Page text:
Saturday, July 14, 2007

Books Just Arrived

Having a little spare cash after putting down the required deposit and whatnot for our new tenancy - starting next week - I decided to treat myself to some new books.

Well, I say new, but only one of them is genuinely new and that's Common Prayer by Poetry Review editor, Fiona Sampson (Carcanet Books, just out).

Some are copies of poetry books I've had out on loan from the library and want to actually own, like Don Paterson's delicately written Orpheus (Faber, 2006) and Vicki Feaver's The Book of Blood (Cape, 2006).

Interestingly, The Book of Blood was one of a number of possible titles for my own second collection, which eventually became Boudicca & Co. Vicki Feaver got there first on this occasion, but since I consider Boudicca & Co. an inspired choice of title, there can be no hard feelings!

:wry grin:

Also in this category is Paul Farley's excellent Tramp in Flames.

Yet another book, Peter Dickinson's Changes, is not poetry at all, but science fantasy: a trilogy of short fantasy novels I loved in my teens, now published as one volume by US publisher Dell. Merlin re-awakens and 'changes' Britain back into the Dark Ages, a land where modern machines are considered the work of the devil and those who try to use them are treated as witches. I'm looking forward to re-acquainting myself with the Changes trilogy this summer - as a break from the deadly serious work of poetry!

That only leaves two other books: Lavinia Greenlaw's Minsk (Faber, 2003) and Ian Duhig's The Lammas Hireling (Picador, also 2003). I've read neither of these before, though I have browsed Duhig's book in a branch of Waterstones, intrigued by the superb painting of a 'Hare' by Albrecht Durer on the cover, and put it down mentally on my list of books to be bought when I'd got enough in the bank. Me and hares ... suffice it to say, we go way back.

I haven't put links up for any of these, as I wouldn't have wanted to leave anyone out and there are rather too many for a quick blog entry. But I hope you google at least one or two of them, if you're interested in contemporary poetry, and maybe buy a few yourself. Unless you own them already, of course, in which case do leave a comment below to let me know your favourites or the most disappointing reads among those books mentioned here.

Packing up the house recently, I discovered that I own several hundred books of poetry published over the past few decades. I haven't managed to read them all, of course, though I've sampled most. Some I know intimately, and those are the books of poetry which have gone into my OPEN FIRST boxes during the packing process, the poems that sustain me both as a writer and as a person.

But it's an odd thing. The more contemporary poetry I read, the less I seem to know or really understand about poetry.

In that respect, at least, poetry is like the TARDIS in Doctor Who. It's bigger on the inside ...

4 comments:

Ms Baroque said...

Interesting choice of books. I love Ian Duhig; you should also try to get hold of his new collection, The Speed of Dark (which I reviewed for Offshoots at www.thepoem.co.uk). Minsk didn't do so much for me.

I thought some of Paterson's Rilke versions were very strong & muscular - but, & I've blogged on this, are they too muscular to be Rilke? I don't know the original well enough to be comfortable with versions... & something in me rebels against the swotting I'd have to do, with two books open on a table. Lovely cover though.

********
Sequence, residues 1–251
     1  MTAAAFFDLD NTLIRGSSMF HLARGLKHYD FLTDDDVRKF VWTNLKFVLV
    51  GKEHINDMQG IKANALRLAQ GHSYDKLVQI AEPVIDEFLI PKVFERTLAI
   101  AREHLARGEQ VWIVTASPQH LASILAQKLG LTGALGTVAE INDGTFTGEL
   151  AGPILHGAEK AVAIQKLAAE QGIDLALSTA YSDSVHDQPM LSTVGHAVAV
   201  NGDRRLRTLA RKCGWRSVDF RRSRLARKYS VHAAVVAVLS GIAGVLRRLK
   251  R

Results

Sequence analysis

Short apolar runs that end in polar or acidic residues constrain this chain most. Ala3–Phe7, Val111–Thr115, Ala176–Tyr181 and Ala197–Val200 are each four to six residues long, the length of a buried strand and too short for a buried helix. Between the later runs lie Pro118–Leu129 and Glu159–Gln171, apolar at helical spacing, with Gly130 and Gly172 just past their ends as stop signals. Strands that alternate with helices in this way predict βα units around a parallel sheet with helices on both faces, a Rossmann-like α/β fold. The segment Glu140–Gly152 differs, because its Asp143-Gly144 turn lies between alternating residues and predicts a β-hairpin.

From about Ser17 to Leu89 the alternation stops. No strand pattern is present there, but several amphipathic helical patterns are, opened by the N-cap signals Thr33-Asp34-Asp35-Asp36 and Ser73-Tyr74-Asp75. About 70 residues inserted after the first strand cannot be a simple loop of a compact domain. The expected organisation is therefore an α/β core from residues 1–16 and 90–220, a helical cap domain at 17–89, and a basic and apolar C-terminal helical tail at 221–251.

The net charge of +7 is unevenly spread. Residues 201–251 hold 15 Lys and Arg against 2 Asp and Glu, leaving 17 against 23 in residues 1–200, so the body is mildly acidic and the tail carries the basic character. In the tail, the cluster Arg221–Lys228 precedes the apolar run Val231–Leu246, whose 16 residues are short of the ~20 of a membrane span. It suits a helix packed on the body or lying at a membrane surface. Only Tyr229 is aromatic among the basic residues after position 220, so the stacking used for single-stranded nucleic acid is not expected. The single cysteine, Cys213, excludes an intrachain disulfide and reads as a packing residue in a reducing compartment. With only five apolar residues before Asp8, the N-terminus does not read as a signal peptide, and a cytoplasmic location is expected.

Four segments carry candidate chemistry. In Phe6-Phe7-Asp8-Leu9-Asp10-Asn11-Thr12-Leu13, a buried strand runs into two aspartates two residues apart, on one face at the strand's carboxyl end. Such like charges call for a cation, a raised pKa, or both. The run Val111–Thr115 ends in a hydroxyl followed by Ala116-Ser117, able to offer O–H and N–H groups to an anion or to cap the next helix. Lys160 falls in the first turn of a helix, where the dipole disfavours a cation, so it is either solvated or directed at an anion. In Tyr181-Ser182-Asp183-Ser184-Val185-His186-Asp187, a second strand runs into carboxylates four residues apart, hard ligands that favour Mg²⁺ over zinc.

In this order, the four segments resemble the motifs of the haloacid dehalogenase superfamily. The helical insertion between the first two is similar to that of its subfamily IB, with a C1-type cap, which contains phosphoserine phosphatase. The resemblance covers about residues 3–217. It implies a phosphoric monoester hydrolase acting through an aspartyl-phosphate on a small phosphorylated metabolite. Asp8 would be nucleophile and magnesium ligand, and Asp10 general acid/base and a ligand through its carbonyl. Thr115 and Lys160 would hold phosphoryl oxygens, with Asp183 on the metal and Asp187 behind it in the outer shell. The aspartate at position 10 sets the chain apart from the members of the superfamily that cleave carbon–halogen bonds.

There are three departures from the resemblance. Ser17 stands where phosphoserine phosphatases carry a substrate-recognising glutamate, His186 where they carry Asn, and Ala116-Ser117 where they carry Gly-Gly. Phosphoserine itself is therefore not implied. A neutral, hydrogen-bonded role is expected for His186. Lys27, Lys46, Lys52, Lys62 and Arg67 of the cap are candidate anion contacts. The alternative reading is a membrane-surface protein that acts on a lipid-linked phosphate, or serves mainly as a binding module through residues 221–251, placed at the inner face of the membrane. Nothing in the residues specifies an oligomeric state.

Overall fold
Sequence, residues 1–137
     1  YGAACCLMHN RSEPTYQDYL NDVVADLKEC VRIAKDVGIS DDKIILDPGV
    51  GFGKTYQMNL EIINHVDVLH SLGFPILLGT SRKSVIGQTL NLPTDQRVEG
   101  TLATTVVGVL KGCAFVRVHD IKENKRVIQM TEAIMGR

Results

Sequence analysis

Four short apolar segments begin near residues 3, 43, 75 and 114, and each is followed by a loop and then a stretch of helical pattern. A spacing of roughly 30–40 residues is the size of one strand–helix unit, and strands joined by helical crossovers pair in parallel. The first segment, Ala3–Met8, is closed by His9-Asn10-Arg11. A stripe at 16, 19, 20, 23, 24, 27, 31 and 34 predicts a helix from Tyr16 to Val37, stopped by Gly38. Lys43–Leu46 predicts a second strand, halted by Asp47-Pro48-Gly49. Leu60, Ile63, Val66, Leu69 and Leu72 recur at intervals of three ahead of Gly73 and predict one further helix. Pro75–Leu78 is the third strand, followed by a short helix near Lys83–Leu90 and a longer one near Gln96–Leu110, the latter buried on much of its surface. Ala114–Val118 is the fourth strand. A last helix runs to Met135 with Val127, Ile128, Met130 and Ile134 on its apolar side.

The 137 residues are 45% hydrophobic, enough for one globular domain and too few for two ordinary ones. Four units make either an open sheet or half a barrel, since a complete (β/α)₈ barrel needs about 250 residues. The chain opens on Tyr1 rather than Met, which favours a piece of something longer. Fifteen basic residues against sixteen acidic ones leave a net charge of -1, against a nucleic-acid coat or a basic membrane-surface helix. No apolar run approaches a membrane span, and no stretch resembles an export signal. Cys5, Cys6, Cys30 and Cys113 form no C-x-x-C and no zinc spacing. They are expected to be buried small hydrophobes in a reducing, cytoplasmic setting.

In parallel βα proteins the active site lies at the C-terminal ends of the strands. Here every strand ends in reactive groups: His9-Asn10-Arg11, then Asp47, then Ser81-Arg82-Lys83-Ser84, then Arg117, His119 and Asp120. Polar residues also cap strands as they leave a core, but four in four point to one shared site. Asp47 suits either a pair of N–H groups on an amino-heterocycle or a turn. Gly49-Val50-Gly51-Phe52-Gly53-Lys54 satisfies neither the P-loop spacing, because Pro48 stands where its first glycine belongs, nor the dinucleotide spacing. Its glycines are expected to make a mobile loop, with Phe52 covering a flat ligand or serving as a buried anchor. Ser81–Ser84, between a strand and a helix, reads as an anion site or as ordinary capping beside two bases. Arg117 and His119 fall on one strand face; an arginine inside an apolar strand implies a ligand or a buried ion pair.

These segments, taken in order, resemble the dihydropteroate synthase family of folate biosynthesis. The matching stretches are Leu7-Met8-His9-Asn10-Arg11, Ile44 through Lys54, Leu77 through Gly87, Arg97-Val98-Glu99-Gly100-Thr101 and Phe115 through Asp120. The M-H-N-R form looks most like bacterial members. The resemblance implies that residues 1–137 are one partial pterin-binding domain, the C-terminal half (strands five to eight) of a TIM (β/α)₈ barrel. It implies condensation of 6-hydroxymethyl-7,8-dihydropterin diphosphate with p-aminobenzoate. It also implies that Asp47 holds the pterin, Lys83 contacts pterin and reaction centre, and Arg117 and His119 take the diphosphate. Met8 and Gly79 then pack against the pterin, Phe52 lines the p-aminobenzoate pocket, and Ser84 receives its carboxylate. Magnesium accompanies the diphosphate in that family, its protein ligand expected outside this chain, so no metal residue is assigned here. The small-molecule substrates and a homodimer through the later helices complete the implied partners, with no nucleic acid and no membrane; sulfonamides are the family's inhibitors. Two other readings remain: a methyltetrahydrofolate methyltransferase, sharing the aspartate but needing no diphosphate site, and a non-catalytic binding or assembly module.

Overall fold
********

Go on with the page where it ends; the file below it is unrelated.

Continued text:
I've loved several new books this year, including the strange, slightly unsavoury, technically brilliant and ineffably beautiful Selected Poems of Frederick Seidel. He is American, fantastically rich and getting on a bit now; hasn't given a reading in 40 years, but on his website there are recordings and he has a very beautiful voice.

Books on my list to buy once I get over the last spate are: Mercian Hymns (around £15 for even the humblest second-hand copy) and Tobias Hill's Nocturne in Chrome and Sunset Yellow.

I think the thing with reading loads of current poetry is that you see it all so close up, it's like seeing all the sixty eyes of the fly. It's so multifarious you sort of have to make a decision which eyes to look at.

Jane Holland said...

I used the word 'delicate' to describe Paterson's versions of Rilke because they are, in comparison with his 'own' poetry, if you see what I mean. His original thoughts. But whether they are in comparison to Rilke's originals, I couldn't say, not being acquainted with them except in passing. One can't read everything!

But I suppose this is one excellent reason for writing translations and versions of poets you admire; to encourage people to read the originals and discover that poet for themselves.

I own Tobias Hill's Nocturne - an uncorrected proof copy, no less! - and it is a good and solid collection. However, it doesn't ring any bells. Tobias Hill lives in a different mental universe to me, so although I can see that his poetry is good, it leaves me untouched.

I actually preferred some of his earlier work. It's down to my visceral personality, no doubt. There's something about raw early poetry that really grabs me and inspires me to write. Nocturne is too polished and urbane to excite me in the same way. A little too Roman, perhaps ...

Lol. Jx

Ms Baroque said...

LOL, weren't the Romans pretty visceral? Occurs to me I forgot to say how badly I want books by Rosemary Tonks and Harry Fainlight, both also impossible to get for under a large sum. If anyone rich and generous is reading this.

And Jane, have you read Dorothy Molloy (Faber)? Have we had this conversation?

tb said...

The Changes on TV terrified and enthralled me as a child: the train in the credits (sharing a memory slot with the nuclear train in Edge of Darkness) the cave, the pylons, the spooky clashing music.